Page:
On September 4, 2013, the Federal Trade Commission announced a settlement with TRENDnet, Inc. (“TRENDnet”) stemming from allegations that TRENDnet’s failure to provide reasonable security for its Internet Protocol (“IP”) security cameras allowed hackers to publicly post online live feeds from approximately 700 customers’ cameras. As the FTC noted in its press release, “this is the agency’s first action against a marketer of an everyday product with interconnectivity to the Internet and other mobile devices – commonly referred to as the ‘Internet of Things.’”

TRENDnet sells “nanny cam” style IP security cameras that provide customers the ability to monitor their homes and businesses by remotely viewing live video feeds. In its complaint, the FTC alleged that TRENDnet’s failure to provide reasonable security to prevent unauthorized access to customers’ feeds was an unfair act or practice. Specifically, the FTC alleged that TRENDnet (1) transmitted customers’ login credentials over the Internet in clear, readable text; (2) stored customers’ login credentials on their mobile apps in clear, readable text; (3) failed to implement a process to actively review security vulnerability reports; and (4) failed to employ reasonable and appropriate security design in the software for its IP security cameras. As a result of TRENDnet’s deficient security practices, the complaint charged that strangers may have been able to view TRENDnet customers’ personal activities on the Internet, thus impairing the affected individuals’ “peaceful enjoyment” of their homes and increasing the risk that their property would be targeted for criminal activity.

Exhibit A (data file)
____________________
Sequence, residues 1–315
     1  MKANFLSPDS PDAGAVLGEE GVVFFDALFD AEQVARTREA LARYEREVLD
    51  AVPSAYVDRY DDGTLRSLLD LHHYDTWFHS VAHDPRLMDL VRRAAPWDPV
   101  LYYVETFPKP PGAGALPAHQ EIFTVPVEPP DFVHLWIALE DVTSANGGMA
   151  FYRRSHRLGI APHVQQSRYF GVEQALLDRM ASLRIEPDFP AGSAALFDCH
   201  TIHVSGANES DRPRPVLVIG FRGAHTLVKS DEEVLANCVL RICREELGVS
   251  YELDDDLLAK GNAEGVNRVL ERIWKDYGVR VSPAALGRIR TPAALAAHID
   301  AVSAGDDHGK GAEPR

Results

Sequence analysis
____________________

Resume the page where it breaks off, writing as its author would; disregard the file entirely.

The settlement, which terminates 20 years from its issuance, includes requirements that TRENDnet:

  • refrain from misrepresenting the security of its products and software;
  • establish, implement and maintain a comprehensive information security program;
  • obtain biennial assessments of its information security program from an independent third-party auditor;
  • maintain, and submit to the FTC upon request, all information relied on to complete the biennial assessments of its information security program and all documents related to its compliance with the settlement;
  • notify affected customers;
  • deliver copies, and obtain signed acknowledgements, of the settlement to current and future TRENDnet principals, directors, employees and agents;
  • notify the FTC of any changes in structure that may affect its compliance with the settlement; and
  • submit a report to the FTC detailing the manner and form of TRENDnet’s compliance with the settlement.

Read the FTC Business Center Blog’s post about the TRENDnet settlement. The FTC’s Consumer Information Blog also posted about the settlement.